"With an average weekly rent for a three-bedroomed house in Nottingham of £126, the one-off fee for five years is affordable to landlords without passing it on in increased rent to tenants. We hope it will prompt landlords to take action themselves and less enforcement will be needed."
[Alexander Britton, Nottingham Post, Friday, 13 September 2013]
Steve Basford: “I dont see how this will change anything other than drive up rents. The council already has the obligation & power to act against substandard housing. Is this simply just a charge for carrying out their statutory duty? Is a landlord going to suddenly do lots of work to a property because of this, especially after having to fork out a grand? I sense an own goal coming on here....”
Bpositive: “A bargain! £900 for 5 years to run a business. It just over £3 a week. About time HMO landlords realised that they are runing a business - housing people isnt a game or a hobby. The provate rented housing stock needs to be safe and maintained and I think the Council plan will move things in that direction. Seems fair to me.”
LANDLORDS' ANGER OVER NEW LICENCES
Angry landlords confronted councillors in the city as a controversial licensing scheme was given the green light.
The plans will see an increase in the number of areas where landlords have to apply for a licence for a house to be turned into a "house of multiple occupation" (HMO), or shared house.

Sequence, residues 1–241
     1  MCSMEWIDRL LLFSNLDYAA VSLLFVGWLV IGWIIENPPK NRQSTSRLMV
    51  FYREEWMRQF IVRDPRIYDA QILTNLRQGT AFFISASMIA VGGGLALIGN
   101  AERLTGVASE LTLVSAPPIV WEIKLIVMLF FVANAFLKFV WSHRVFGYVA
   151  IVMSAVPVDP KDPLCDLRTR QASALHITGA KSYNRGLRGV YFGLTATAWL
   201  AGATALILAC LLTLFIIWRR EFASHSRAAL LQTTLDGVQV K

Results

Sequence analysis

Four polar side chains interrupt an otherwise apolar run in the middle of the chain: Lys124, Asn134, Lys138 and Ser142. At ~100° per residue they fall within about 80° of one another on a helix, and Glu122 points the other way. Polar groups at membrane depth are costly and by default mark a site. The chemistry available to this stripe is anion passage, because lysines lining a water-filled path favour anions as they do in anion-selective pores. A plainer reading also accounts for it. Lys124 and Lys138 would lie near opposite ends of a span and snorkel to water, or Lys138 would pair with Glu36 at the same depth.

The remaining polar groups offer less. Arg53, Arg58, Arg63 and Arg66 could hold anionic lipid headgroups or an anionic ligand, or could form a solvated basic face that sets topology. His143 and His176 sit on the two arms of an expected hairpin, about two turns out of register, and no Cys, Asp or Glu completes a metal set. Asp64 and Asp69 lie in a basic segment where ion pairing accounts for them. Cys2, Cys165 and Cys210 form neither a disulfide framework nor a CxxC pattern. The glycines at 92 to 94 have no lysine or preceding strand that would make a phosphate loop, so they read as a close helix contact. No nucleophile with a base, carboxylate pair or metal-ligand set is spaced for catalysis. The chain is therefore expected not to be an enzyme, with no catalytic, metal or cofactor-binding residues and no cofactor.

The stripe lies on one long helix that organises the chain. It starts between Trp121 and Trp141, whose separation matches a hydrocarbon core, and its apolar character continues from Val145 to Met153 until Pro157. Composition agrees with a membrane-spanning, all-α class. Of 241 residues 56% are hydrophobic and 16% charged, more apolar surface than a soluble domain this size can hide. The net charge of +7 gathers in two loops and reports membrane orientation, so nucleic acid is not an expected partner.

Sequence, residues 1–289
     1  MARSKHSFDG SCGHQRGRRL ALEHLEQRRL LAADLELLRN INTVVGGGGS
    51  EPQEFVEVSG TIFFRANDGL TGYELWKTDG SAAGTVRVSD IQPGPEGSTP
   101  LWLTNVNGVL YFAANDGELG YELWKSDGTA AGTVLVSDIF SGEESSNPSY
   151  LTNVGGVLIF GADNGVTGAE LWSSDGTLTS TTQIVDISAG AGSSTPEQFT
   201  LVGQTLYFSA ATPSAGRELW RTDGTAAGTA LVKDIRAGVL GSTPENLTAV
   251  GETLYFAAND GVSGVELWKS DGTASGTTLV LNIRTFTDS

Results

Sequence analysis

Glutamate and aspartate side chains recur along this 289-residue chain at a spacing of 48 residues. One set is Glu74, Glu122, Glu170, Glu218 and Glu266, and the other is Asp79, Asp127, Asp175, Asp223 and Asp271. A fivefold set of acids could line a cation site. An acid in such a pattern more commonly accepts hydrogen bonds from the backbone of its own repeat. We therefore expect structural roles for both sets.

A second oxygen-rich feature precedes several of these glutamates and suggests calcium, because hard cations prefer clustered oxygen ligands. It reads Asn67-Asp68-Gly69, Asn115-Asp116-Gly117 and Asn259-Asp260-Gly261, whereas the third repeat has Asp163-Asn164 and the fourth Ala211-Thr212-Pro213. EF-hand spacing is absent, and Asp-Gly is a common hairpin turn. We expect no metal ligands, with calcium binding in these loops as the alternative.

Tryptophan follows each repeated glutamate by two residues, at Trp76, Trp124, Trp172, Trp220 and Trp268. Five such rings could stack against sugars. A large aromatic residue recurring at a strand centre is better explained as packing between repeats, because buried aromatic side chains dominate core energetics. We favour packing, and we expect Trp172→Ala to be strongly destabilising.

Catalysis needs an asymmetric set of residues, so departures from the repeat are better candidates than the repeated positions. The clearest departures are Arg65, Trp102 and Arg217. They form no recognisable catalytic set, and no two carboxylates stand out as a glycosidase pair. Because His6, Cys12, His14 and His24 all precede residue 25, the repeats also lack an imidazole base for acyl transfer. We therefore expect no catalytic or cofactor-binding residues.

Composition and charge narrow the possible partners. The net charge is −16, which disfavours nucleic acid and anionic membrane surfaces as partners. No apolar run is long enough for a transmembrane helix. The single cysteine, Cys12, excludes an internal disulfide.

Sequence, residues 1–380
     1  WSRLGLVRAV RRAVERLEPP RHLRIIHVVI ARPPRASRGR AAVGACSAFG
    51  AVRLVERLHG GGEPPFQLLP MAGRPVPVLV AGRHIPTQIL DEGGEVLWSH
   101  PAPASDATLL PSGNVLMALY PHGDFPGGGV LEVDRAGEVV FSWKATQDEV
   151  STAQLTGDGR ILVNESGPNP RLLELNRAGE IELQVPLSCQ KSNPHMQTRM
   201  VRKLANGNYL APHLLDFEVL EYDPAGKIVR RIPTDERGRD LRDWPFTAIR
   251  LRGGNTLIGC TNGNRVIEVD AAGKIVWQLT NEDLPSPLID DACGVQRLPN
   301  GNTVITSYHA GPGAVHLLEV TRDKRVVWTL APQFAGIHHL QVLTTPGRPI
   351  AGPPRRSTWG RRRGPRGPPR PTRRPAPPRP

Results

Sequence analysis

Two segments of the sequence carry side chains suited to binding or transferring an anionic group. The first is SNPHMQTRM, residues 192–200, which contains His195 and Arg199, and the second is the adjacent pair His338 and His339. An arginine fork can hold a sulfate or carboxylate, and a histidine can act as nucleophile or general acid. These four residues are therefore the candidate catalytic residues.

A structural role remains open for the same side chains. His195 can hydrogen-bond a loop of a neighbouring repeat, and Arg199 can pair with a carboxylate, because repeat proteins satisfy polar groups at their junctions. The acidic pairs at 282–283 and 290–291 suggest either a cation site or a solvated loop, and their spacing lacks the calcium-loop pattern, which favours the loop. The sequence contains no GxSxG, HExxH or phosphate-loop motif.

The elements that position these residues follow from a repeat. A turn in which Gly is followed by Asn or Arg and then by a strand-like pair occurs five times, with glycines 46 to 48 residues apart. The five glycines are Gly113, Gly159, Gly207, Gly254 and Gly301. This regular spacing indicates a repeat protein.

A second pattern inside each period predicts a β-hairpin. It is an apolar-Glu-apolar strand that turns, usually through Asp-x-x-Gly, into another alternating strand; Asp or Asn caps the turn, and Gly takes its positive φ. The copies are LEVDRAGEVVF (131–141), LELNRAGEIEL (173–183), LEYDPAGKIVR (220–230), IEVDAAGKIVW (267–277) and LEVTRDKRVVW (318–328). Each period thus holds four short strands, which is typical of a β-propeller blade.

The idea is to regulate landlords and control the number of shared houses in the city.
But the move has angered landlords, who say the licence charges will see rents rise and will not solve the problem of bad landlords.
Two Community Protection Officers were also on standby at Loxley House on Station Street outside the heated meeting.
Throughout the discussion of the plans, members of the public heckled, shouting "you have let down the Asian community" and "you will never get elected in this city again".
There was also controversy as a number of landlords said they weren't allowed to enter the meeting room at the start of the debate.
These people were eventually let in and the debate restarted.
Councillor Dave Liversidge told the room that the idea was to make sure quality housing was provided for all people in the city.
He said: "We do what we can to provide decent social housing and we are extending this into the private sector through this licensing scheme.
"Good landlords have nothing to worry about and the charges are affordable to landlords without increasing the cost of rents."
Council leader Jon Collins added that the scheme was "reasonable."
He said: "The council has spoken widely to people about their thoughts on the scheme and twice as many respondents were in favour of the proposal than were against it."
The scheme was agreed and will come into force on January 1, 2014, and run for five years.
Landlords would pay a one-off fee of £910 for the five years, reduced by £115 for landlords already accredited to existing approved schemes.
The plans will affect around 3,200 houses of multiple occupation in parts of the city, including Lenton, Radford, Arboretum, Hyson Green, Sneinton and The Meadows.
But outside the meeting, landlords were angry with the council for voting the policy through.
Among them was Shad Ali, of the Arboretum, who said the fight against the mandatory licensing would continue.
He said: "We are setting up a fighting fund against these plans. The council hasn't listened to the landlords who are against these plans.
"They say that people were in favour of the plans, but only 650-odd actually responded. As a proportion of all the people in the city, that's nothing."
[Alexander Britton, Nottingham Post, Wednesday, 18 September 2013]